Newborn seahorses

Discussion in 'Urgent Help Needed' started by AlbertMaree, 23 Aug 2009.

  1. AlbertMaree

    AlbertMaree

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    got my first 4 seahorses on Friday, now I have 40 or so in my quarantine tank.
    What do I do and what do I feed them? Help! I live in Centurion.
     
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  3. Annoying

    Annoying

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    CONGRATS!!!!

    Unfortunetley it's very hard to raise baby sea horses if your lucky only 1 will survive... The best to feed is rotifers and normal food youd give to marine fish fry.
     
  4. Shaun

    Shaun Retired Moderator

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    you need to talk to lIghty. They are not easy.:(
     
  5. AlbertMaree

    AlbertMaree Thread Starter

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    I've got some brine shrimps that should start hatching tomorrow, I 'll keeo you posted, thanks for the prompt response.
     
  6. Anemone

    Anemone

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    What species? At a minimum they need newly hatched brine for a while, some need rotifers. Keep their tank super clean by siphoning waste and food.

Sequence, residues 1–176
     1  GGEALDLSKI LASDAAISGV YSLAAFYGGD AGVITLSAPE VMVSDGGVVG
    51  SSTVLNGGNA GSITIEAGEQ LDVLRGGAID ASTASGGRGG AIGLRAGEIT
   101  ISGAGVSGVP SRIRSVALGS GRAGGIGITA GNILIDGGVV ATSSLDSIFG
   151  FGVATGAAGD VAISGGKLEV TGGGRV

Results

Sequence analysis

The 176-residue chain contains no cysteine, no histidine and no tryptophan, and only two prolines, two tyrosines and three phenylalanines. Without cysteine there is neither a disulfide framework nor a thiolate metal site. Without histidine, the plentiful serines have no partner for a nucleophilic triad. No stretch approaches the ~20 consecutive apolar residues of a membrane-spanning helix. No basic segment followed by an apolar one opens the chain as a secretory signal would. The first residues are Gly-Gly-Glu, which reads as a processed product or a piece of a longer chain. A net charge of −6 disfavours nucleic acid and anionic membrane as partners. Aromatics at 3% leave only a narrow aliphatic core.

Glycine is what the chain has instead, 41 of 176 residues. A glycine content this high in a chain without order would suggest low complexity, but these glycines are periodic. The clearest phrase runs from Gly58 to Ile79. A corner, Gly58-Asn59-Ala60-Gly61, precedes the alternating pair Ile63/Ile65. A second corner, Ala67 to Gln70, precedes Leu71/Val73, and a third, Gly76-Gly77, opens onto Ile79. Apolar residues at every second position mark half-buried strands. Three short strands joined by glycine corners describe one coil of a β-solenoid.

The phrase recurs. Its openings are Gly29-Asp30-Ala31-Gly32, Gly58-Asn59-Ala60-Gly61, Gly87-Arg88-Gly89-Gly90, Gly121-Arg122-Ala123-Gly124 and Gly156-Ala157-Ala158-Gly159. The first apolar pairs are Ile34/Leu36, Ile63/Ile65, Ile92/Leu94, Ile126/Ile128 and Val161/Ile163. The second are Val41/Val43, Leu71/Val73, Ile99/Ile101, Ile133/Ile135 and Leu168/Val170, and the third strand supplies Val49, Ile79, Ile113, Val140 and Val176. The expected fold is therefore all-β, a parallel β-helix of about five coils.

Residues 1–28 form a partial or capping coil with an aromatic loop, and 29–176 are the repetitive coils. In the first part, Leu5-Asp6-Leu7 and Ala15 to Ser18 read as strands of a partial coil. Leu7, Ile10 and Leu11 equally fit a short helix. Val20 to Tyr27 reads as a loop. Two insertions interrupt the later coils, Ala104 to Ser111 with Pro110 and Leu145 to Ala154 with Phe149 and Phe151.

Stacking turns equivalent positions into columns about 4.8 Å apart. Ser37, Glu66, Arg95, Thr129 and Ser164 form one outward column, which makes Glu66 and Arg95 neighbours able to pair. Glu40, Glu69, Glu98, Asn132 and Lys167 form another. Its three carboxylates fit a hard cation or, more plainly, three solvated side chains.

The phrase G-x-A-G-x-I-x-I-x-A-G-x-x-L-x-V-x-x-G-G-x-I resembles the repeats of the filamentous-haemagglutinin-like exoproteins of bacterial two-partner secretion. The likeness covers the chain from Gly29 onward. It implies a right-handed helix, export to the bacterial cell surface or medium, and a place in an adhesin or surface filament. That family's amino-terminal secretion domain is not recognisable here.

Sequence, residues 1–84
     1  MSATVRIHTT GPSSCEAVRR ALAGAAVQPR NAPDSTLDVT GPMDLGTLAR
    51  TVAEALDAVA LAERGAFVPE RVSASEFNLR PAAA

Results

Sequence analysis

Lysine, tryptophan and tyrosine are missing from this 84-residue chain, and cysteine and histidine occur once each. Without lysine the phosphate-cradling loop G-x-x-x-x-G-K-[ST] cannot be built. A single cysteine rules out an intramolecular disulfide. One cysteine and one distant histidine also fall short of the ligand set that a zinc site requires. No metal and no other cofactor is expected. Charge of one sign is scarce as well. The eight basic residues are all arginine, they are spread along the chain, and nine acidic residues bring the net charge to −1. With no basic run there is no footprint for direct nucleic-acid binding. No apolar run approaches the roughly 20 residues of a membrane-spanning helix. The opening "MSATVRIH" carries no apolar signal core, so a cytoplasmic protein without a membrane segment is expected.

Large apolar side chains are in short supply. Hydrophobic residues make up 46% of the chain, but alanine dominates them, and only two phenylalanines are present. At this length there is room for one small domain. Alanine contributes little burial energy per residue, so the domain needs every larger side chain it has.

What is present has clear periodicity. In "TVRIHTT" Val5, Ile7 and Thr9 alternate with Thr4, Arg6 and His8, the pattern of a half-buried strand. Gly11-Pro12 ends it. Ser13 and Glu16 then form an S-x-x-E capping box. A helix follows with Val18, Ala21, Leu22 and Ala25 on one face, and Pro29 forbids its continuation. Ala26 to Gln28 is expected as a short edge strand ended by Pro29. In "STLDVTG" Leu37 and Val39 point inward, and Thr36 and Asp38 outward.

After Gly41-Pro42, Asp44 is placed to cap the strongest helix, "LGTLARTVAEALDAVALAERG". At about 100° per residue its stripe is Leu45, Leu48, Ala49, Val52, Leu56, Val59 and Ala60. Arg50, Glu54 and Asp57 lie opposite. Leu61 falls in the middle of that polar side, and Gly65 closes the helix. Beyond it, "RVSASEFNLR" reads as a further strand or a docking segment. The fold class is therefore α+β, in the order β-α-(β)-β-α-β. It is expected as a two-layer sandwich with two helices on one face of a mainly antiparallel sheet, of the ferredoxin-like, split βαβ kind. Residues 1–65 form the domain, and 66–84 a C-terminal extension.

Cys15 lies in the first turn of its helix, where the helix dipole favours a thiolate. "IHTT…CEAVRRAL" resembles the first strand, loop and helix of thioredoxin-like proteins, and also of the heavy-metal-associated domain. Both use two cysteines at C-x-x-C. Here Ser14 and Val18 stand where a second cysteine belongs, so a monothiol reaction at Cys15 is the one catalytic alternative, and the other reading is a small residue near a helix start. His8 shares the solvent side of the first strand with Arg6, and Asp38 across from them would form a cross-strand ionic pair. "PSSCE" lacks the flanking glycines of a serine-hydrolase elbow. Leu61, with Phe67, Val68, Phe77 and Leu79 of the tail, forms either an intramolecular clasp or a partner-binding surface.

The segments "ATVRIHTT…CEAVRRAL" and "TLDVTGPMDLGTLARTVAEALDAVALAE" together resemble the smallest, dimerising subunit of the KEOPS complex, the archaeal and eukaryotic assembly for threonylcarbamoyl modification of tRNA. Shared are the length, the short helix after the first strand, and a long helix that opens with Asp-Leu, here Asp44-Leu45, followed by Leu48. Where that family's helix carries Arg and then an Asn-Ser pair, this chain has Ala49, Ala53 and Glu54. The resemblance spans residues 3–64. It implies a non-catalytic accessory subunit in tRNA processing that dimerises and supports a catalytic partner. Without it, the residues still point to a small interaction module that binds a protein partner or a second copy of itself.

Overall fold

7. Anemone

    Anemone

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    BTW, congrats!
     
  8. lIghty

    lIghty

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    Congrats,

    Firstly, what spieces are they, and don't just talk the LFS word, as they bring most spieces under "Kudu" where they could actually be H.Comes (Tigertail).

    You will need to feed them newly hatched brine shrimp (I would say with in 12 hours of hatching!), with all egg sacks removed very couple hours, try get a rotifer setup going.

    You will need to CLEAN the tank after every feed at least. I made a syphon with a little brush at the end to loosen stuck "dirt".

    You could also lower the SG as they tend to float, a lower SG will help.

    Try lower your temp to about 22-23 deg C (depending on spieces), as this may help against infections. Perhaps Anenome could advise

    Use a wooden air stone (not the normal one as the bubble are big and could kill the fry) with a low air setting just to create a little circulation in the tank.